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We still need more women on stage

This year’s IAA Conference was a blast – maybe the biggest conference of the world this year with 4 B2B main stages, 4 small stages in the networking areas, 2 topic stages, 1 B2C dialogue stage and 2 virtual studios for live B2B & B2C programs. Not counting all the other conference formats like World Cycling Forum, Exhibitor Stages, Press Conferences etc, we had about 930 speakers delivering 6 days of content: 80% English language for B2B, 20% German language – mostly for B2C.

Travel restrictions from Asia, America and Israel due to coronavirus didn’t even stop us from a high-level international line up. We talked about nearly everything that has to do with future mobility from Autonoums Driving to Zero Emission and we had more than 25 amazing partners – most of them coming not from industry but from academia, the World Economic Forum & Women in Mobility. And best of all, most of the sessions and stages had more visitors than we expected and hoped for.

So while we as a small conference team could be so proud of this amazing achievement, we quickly realized that we missed one of our most important targets for diversity – maybe the most important one from our long list:

  • Diversity in intercontinental internationality was something we had to put aside because of the obvious reason of coronavirus. Although some did travel, we had about 10-15% video calls integrated into the panels so that was fine too. The European rate was high so in the end it wasn’t a German conference at all.
  • Diversity in topics: we had nearly everything, even a citizen dialogue stage.
  • Diversity in company sizes: we had every type of company there from startups, consultancies and academia to the very big corporate players.
  • Diversity in industry: we had every sector that has to do with mobility and beyond. Maybe some more than others but not one sector fully underrepresented.
  • Human Diversity not only as a topic: what we definitely have to do a bit more is to talk about diversity in mobility – about special needs, about job and mobility environment and chances. We talked about this, but next time a bit more.

This still reads like a big powerful success but as I wrote in my LinkedIn post lately, we missed one target:

The proportion of women on our 4 conference stages was just 27% (out of 430 speakers). Overall (out of 930) even lower. That is significantly less than we planned and there are two main reasons:

1. Significantly more men than women work in the mobility industry – especially in top positions.

2. On average only 1-2 out of 10 women responded to our speaker requests, while it was 7-8 out of 10 men (felt – not documented)

My former boss once said: “That can’t be an excuse! If you want to reach 50%, you keep asking until you’ve reached 50%.” He’s right!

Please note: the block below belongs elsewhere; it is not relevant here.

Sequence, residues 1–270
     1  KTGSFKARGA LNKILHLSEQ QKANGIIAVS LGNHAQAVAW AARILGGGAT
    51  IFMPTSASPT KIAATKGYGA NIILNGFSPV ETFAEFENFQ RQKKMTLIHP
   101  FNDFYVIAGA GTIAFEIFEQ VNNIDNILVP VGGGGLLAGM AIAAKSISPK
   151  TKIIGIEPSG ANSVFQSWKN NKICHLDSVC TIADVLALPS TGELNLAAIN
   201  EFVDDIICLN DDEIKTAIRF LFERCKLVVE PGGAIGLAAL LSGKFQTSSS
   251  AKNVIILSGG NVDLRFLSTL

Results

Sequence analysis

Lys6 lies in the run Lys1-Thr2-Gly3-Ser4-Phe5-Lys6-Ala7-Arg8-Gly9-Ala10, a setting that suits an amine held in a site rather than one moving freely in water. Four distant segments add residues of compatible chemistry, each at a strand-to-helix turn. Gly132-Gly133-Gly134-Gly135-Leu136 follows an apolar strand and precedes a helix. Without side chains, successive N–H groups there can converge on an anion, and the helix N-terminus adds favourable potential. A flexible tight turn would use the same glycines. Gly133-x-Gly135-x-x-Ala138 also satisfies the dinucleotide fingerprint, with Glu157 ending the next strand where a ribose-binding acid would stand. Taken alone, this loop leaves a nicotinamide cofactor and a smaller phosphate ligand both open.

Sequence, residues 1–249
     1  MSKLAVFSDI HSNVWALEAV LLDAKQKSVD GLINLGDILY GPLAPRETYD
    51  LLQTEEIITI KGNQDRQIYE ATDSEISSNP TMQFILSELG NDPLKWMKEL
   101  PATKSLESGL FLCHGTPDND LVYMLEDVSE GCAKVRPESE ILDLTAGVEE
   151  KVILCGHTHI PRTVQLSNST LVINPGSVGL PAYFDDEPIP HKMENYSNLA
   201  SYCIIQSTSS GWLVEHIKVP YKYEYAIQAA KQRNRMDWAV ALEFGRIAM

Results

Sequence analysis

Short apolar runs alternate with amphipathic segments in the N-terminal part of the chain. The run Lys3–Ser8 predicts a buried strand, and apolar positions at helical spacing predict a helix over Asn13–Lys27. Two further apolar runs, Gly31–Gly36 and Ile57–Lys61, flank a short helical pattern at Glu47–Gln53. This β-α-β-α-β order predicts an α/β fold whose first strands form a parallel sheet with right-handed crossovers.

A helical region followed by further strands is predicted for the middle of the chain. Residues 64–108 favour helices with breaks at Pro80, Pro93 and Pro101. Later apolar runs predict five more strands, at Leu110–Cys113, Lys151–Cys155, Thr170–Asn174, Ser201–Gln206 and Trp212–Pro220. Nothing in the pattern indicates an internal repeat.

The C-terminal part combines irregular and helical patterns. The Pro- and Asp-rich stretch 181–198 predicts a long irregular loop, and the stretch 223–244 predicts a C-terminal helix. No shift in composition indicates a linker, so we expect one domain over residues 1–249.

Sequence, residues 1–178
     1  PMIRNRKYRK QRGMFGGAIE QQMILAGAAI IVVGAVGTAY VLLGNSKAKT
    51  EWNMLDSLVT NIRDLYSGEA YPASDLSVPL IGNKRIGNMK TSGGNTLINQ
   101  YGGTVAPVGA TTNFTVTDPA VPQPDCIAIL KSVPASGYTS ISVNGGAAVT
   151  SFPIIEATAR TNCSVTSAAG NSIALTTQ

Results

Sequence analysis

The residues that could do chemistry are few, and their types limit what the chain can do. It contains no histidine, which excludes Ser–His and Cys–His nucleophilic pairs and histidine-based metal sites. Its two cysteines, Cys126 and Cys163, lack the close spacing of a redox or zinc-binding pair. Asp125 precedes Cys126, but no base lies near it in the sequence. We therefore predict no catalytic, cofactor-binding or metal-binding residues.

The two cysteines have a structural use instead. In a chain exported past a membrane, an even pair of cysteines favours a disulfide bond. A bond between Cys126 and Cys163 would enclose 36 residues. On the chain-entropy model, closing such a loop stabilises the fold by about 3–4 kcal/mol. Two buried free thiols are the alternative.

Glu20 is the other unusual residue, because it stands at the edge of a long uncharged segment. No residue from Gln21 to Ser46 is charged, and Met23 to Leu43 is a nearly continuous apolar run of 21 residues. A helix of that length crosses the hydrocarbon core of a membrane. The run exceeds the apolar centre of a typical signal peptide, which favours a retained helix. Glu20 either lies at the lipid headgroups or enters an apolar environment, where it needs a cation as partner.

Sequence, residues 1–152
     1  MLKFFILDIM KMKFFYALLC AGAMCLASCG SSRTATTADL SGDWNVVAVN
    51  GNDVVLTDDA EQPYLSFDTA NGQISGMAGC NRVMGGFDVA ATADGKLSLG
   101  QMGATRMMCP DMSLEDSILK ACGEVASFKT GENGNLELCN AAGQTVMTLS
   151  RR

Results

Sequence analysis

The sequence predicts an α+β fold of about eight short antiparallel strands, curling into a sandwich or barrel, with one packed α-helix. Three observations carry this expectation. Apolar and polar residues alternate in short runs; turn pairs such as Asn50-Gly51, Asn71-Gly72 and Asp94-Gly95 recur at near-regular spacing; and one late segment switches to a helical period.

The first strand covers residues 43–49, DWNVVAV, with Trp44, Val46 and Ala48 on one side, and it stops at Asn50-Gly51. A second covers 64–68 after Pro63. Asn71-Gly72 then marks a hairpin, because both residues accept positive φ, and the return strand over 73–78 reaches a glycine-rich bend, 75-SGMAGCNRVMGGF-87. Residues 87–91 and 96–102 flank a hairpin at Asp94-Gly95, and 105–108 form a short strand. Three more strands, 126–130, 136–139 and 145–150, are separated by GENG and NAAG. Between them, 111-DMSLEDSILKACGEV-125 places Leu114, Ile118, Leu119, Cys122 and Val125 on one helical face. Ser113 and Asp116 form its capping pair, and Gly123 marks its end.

The only question is, is there a limit that prevents the equality and equal treatment of men and women from tipping over to the other side (speaker fee, rejection just because of being a man, limitation of line-up)?

For example, on Tuesday we had Herbert Diess (Volkswagen AG), Francesco Starace (Enel), Oliver Blume (Porsche AG), Mate Rimac (Rimac Automobili d.o.o.), Ola Källenius (Daimler AG), Cartsen Spohr (Lufthansa), Stefan Hartung (Robert Bosch) in 3 sessions behind each other. The first two women that afternoon were Chancellor Angela Merkel and Hildegard Müller (President of the German Association of the Automotive Industry).

The whole day was a success. Great panels, super high-level managers from high-level companies signalling that one of the biggest conferences in the world is worth watching… but most of them were men.

So, what’s the conclusion? Set lower targets next time? Lower the bar for the speaker line-up next time?  Definitely not! We can’t change the world – we just can bring together the world as it is so it can discuss and realize the change. So, for the next conference we’re aiming for 50% women on stage – again!

Thank you for all the answers and ideas shared via LinkedIn and per mail. Most of the answers so far came from women who experienced the same as speakers, visitors or organizers with great ideas how to solve this, such as:

  • Include women right away! Don’t just ask them to speak but let them help you with the curation.
  • Set clear guidelines for partners and sponsors and help them to achieve them.
  • One of our most important partners in this case was Women in Mobility – include more great women networks like WiM.
  • If you are promoting an event, try to put female speakers up front to motivate other women to come as speakers and as visitors – this is also really important.
  • You can also use incentives… but please, only within the framework of what is legally and morally feasible in the sense of equality – don’t lower the value of a male speaker only because of his gender – would be the same mistake 😉
  • Don’t forget that (in Mobility Industries) there are way more men than women in “conferencable” positions (Managers and Experts) so be earlier in the request as the schedule of a women fills a bit faster.
  • Don’t just ask the women who are already visible everywhere – also give other maybe unknown or unexperienced women the chance and the space on stage to share their perspectives.
  • And last but not least: think out of the box

We need more women on stage talking about topics that doesn’t have to do with being a woman – but more with being an expert.

Do you have more ideas about how we can achieve these goals? Drop a comment in the original thread on LinkedIn.

(Cover photo shows Tijen Onaran, Kerstin Andreae and Hildegard Müller)


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